Footnotes lead Florida judge to charges of insubordination

The suspension of an administrative law judge and the public scrutiny are extremely rare at the agency, which handles cases ranging from big-money fights involving gambling operators and medical-marijuana companies.
Judge John Van Laningham [State of Florida Division of Administrative Hearings]
Judge John Van Laningham [State of Florida Division of Administrative Hearings]
Published April 6, 2020|Updated April 6, 2020

TALLAHASSEE — A state Division of Administrative Hearings judge has been suspended for accusing the agency’s director of making what are known as improper “ex parte communications” when reviewing an order in a case about a South Florida horse track.

The five-day suspension of Administrative Law Judge John Van Laningham for “insubordination and misconduct,” which was effective Wednesday, sent shockwaves through the state’s tightly knit administrative-law community.

Van Laningham, who intends to appeal the sanction, was appointed to serve as a judge at the division 20 years ago. He is renowned for lengthy, sharply written orders in which he sometimes harshly rebukes state agency officials.

The suspension of an administrative law judge and the public scrutiny are extremely rare at the agency, which handles cases ranging from big-money fights involving gambling operators and medical-marijuana companies to a dispute about bakers who refused to make a pastry with an anti-gay slogan.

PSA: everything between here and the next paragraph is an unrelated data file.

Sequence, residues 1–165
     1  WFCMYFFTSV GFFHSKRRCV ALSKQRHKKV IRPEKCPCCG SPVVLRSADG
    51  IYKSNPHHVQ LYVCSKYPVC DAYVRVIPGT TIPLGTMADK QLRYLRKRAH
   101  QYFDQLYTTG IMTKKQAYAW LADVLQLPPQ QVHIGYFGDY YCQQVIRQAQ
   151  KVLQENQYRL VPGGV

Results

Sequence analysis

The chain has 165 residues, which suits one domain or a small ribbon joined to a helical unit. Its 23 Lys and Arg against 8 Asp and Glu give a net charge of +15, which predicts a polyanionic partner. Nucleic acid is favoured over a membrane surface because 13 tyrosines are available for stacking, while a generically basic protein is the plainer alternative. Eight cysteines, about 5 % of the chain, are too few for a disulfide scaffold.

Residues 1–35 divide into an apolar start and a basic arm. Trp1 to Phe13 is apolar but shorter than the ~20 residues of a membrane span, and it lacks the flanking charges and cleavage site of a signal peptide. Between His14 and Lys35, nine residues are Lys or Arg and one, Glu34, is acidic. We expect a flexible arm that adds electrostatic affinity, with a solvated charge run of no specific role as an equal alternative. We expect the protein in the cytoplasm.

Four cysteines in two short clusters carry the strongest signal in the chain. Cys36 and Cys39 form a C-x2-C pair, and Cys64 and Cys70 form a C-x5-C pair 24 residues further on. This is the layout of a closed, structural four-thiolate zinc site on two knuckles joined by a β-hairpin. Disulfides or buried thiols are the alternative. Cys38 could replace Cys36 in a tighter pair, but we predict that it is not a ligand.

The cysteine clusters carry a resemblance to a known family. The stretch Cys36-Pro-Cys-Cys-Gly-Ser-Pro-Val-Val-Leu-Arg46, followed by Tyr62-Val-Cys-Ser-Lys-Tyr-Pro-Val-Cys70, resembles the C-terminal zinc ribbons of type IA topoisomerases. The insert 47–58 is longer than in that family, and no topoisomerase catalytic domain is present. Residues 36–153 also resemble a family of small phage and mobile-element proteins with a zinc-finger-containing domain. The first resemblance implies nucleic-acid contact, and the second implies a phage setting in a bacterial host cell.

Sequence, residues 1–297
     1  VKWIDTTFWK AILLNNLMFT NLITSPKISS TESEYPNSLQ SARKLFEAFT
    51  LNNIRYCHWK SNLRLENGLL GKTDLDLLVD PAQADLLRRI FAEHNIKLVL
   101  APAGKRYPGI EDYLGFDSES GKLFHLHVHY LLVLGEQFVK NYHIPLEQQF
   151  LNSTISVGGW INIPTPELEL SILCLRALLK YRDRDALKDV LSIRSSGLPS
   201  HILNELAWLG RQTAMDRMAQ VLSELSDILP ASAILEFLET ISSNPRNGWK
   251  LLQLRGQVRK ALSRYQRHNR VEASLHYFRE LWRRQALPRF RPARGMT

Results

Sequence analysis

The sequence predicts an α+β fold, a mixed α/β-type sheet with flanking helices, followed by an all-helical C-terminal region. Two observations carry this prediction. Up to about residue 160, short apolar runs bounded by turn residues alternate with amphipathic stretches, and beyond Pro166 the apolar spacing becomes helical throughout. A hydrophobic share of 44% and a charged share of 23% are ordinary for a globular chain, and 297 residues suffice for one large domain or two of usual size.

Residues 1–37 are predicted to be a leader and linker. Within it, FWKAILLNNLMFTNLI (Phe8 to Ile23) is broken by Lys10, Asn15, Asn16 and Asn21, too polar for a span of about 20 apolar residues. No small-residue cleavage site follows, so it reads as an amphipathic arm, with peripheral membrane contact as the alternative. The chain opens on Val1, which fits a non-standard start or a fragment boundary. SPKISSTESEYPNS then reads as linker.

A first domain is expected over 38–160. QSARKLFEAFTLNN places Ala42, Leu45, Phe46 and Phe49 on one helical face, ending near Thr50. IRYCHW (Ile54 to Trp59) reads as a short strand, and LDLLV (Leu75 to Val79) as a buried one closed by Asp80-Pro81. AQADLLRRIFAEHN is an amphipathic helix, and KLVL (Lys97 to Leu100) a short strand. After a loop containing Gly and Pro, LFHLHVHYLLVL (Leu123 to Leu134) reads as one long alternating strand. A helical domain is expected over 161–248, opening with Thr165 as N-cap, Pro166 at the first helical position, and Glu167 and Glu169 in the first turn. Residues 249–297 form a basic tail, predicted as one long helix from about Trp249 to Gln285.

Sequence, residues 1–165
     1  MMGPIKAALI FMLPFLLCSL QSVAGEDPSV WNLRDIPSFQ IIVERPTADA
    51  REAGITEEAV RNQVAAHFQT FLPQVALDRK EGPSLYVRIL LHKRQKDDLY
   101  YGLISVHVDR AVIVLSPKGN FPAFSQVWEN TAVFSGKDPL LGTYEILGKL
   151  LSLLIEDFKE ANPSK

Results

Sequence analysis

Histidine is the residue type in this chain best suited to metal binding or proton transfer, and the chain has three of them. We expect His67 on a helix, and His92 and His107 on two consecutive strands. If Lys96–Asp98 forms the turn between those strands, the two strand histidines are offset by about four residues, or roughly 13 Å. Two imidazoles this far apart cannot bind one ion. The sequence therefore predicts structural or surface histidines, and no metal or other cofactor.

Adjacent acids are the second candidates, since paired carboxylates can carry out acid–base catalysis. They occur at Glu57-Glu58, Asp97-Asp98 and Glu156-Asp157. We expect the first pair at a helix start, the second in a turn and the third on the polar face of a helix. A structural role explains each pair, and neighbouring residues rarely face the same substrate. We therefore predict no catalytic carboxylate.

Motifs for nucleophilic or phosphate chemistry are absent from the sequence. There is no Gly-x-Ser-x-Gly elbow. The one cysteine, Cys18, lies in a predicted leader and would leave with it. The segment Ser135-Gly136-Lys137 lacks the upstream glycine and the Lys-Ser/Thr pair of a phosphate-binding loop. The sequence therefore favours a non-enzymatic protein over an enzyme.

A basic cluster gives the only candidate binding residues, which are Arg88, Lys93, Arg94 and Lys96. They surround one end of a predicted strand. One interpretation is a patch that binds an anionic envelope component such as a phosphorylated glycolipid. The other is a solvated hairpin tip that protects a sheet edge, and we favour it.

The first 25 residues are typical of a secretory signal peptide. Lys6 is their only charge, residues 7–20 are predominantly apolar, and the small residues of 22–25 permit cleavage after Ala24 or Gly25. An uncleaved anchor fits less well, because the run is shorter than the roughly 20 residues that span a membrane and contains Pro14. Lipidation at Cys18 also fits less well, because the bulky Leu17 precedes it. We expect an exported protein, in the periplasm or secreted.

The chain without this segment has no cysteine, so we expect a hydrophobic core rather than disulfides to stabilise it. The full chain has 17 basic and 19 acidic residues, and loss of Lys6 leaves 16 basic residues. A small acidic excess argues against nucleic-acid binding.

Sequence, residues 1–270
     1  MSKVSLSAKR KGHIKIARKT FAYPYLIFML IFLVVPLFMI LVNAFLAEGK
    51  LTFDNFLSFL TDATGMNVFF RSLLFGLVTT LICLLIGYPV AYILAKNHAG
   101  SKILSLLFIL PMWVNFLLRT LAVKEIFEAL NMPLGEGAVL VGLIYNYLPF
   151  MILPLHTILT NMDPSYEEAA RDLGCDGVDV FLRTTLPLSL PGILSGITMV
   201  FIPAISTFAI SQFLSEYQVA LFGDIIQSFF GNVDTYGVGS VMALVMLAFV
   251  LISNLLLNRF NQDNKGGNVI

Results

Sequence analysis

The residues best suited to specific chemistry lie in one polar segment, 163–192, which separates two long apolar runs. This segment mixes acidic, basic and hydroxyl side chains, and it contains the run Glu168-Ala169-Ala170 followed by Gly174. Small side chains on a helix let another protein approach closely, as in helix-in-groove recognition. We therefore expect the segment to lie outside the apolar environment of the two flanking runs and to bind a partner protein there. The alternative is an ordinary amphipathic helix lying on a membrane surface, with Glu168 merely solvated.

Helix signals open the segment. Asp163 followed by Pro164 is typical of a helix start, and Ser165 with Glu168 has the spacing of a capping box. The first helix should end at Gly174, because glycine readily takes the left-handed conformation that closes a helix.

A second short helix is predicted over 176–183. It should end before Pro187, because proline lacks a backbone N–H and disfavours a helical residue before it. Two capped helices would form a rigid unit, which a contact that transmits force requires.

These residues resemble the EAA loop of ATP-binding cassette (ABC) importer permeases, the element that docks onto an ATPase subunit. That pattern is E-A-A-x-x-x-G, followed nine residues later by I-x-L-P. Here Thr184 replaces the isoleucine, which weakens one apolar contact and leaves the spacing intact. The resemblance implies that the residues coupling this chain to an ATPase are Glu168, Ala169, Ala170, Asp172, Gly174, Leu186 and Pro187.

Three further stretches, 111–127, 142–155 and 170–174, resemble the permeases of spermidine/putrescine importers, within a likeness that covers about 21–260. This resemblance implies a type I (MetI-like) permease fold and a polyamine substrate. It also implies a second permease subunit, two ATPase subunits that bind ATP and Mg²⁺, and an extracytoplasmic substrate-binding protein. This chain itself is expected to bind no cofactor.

Van Laningham’s sanction, issued by Administrative Law Judges Li Nelson and Gar Chisenhall on March 26, stemmed from two footnotes he included in a March 13 recommended order in a case involving Calder Race Course Inc.

The footnotes said division Director John MacIver, who is also the chief judge, began reviewing judges’ orders and making comments about them before they were rendered. MacIver instituted the reviews shortly after his October appointment as director by Gov. Ron DeSantis and the Florida Cabinet.

Van Laningham’s footnotes also raised questions about whether MacIver’s comments “are, or might be, ex parte communications prohibited by” a section of Florida administrative law. An ex parte communication generally involves someone discussing a case with a judge without the knowledge of each party in the case.

Van Laningham wrote that he was “erring on the side of caution” by placing the comments on the record, adding that “any party desiring to rebut this communication shall be allowed to do so in accordance with” the statute.

The footnotes created a firestorm not only within the legal community, but also among Van Laningham’s colleagues.

Senior Administrative Law Judge Robert Cohen, who was the division’s chief judge for more than two decades until MacIver’s appointment last year, said he was “shocked” by Van Laningham’s comments.

The discussion between the chief judge and an administrative law judge “does not constitute ex parte communications contemplated by the Legislature,” Cohen, who is Van Laningham’s supervisor, wrote in a March 19 memo to MacIver.

“To the contrary,” Cohen continued, “I believe this practice is an excellent management tool for understanding the depth and breadth of matters coming before DOAH” as well as a way to determine whether the administrative law judges are “consistent in their decision-making” and “acting in accordance with” state law.

“In retrospect, I wish I had made the effort to conduct such frequent reviews when I was director,” he added.

Van Laningham’s interpretation is “misplaced, convoluted, and either masquerading as a complaint or an attack against the director who is making an effort to ensure quality orders are issued by DOAH,” Cohen added.

But Daniel Bean, a lawyer representing Van Laningham, argued that the judge has no personal animus toward MacIver and had not done anything wrong.